Seagram's Gin & Juice
$2.75 per 200 ml. bottleAlcohol Content: 20 percent
This entry was by far the most disappointing - a number of judges actually liked it. Well, sort of. Gin & Juice comes in a handy flask, and it is, in effect, a salty dog, except it contains gin instead of vodka, "citrus" juice instead of grapefruit, and no salt. Whatever happened to vodka and Gatorade? Why Seagram's would dilute its perfectly palatable gin is another question that's probably best left unanswered. In short, after being shaken well, as per the label instructions, and deposited down panelists' gullets, G & J lifted nothing from anyone's innards. Perhaps Tom Finkel summed it up best: "It's yellow."
Heublein Gold Rush
$2.99 per 750 ml. bottleAlcohol Content: 12.5 percent
Veteran mallgoers might remember Orange Julius stands and their namesake drink, which consisted of orange juice blended with some white dairy product and was actually quite palatable. And some recall the Creamsicles of our youth - artificially flavored vanilla ice-cream bar coated with artificial orange stuff - purchased from the ice-cream man. There existed some hope among panelists that Gold Rush might fall along these lines. Instead it simply fell.
Gold Rush, its label announces, is a combination of rum, fresh cream, and natural orange flavors ("The Liquor's In It"). In reality the concoction has the body and texture of motor oil with half the taste, and its startling aroma is better described than experienced. Taking all these elements into account, a large plastic bucket was immediately retrieved from the broom closet to serve as a communal toss pot.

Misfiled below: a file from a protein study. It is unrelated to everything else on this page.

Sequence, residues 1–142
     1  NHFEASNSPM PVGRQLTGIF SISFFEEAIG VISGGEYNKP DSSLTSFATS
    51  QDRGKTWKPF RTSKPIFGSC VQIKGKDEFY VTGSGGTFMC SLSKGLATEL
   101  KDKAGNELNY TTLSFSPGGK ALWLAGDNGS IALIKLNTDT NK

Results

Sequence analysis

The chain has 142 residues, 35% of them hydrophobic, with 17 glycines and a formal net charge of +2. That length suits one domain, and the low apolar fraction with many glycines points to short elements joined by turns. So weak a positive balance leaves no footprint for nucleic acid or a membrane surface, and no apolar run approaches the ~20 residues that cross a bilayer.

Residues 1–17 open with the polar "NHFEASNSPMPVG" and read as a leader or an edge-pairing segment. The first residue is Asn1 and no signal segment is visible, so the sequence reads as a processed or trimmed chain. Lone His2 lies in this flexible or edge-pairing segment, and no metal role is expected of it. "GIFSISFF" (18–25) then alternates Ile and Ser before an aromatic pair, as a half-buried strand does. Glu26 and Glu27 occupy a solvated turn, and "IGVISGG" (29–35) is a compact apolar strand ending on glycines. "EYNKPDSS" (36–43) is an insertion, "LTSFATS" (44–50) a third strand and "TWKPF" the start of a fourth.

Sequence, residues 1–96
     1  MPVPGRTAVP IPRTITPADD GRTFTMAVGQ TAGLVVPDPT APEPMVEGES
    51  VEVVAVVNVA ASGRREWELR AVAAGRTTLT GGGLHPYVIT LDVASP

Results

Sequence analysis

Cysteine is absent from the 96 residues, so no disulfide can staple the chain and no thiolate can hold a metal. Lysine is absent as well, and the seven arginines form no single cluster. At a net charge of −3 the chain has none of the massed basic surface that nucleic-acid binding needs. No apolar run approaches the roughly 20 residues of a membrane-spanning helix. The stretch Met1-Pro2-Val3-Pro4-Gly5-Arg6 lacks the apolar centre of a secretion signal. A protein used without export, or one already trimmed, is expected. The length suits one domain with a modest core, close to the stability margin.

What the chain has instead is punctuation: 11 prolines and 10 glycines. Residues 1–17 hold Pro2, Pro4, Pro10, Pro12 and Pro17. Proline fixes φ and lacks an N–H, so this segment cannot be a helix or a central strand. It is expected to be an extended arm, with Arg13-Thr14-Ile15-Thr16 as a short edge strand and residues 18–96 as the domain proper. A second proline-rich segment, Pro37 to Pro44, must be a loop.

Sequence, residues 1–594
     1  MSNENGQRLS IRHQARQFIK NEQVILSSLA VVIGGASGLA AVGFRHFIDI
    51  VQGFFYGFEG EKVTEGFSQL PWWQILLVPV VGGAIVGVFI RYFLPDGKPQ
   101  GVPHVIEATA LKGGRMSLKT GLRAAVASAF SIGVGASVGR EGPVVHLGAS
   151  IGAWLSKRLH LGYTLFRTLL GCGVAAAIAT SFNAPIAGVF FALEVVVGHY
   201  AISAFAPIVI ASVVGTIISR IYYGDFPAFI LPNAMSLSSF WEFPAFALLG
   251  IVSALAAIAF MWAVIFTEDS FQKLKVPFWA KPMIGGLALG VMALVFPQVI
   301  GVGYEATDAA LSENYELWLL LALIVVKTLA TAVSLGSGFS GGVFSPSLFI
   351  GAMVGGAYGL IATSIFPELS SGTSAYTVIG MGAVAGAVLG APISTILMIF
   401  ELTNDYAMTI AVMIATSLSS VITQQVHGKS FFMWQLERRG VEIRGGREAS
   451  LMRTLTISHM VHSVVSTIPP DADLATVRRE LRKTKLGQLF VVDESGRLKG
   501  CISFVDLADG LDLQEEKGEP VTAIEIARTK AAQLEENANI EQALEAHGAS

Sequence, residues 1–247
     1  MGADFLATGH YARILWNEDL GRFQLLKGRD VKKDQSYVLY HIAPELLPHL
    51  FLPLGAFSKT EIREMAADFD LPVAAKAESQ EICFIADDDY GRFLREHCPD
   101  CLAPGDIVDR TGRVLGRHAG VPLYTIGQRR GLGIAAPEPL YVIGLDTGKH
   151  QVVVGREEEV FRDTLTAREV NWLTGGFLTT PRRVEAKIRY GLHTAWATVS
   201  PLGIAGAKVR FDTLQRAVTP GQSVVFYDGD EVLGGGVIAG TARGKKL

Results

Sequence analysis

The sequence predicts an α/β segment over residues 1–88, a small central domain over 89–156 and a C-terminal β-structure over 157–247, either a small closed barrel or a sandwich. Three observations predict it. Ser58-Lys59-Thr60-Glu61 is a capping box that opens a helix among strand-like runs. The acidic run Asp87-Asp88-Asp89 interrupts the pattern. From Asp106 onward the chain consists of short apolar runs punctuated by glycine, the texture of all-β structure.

The judges, valiantly attempting not to pass out from the smell, called it an abomination of rum, sour cream, and Tang. Everyone agreed that Gold Rush is truly godawful - it looks like cafe con leche, smells like baby vomit, and tastes like sewage that's been chemically treated. Pilar, upon sipping, had to be restrained by fellow tasters after she began hollering, "Oh my God. Oh my God! You drink this stuff and you can become an acid burnout." "I'm sorry, I can't drink this," said Sue Mullin, who didn't. "Change the name to Gold Flush," another panelist managed to spit out. "Is there Parmesan cheese in this?" Finally Tom White suggested donating the bottle to Camillus House as a way to wean winos from alcohol.
Johnson Distilling Co.
Shine On GeorgiaMoon Corn Whiskey
$10.99 per 750 ml. jarAlcohol Content: 40 percent
When you're in unfamiliar waters, drinkingwise, it's always best to read the label. Two significant notes on Georgia Moon's jar: This clear liquid is "less than 30 days old" - very much in its favor; and it is "The Secret of the Georgia Hills." Can't those people keep anything to themselves?
While Tom Finkel said the stuff wasn't at all bad - "It's the only one with any booze in it" - the panel's more acute palates will tell you that the only way this couldn't be considered vile is in comparison to a certain Heublein product. Tom White mused aloud that it might be "the actual embalming fluid of Elvis," but surely that factoid would have been included on the label. Sue Mullin suggested sprinkling it around to kill fire ants, while Pilar considered using it to fill the air-conditioning compressor of her car.
Doubtless Georgia Moon is marketed as a novelty - the perfect gift for your wife/cousin, perhaps. Then again, while it is practical for inducing violent stomach reactions, Moon is even better, with its clarity and wide, Mason-type mouth, to house your insect collection. In fact, a caterpillar garnish might put a shine on this ersatz 'shine.
Heublein OriginalPat O'Brien'sNew Orleans Hurricane
$5.99 per 750 ml. bottleAlcohol Content: 17 percent
Everyone who's ever tippled in the French Quarter has at least one Hurricane story. Here's one now: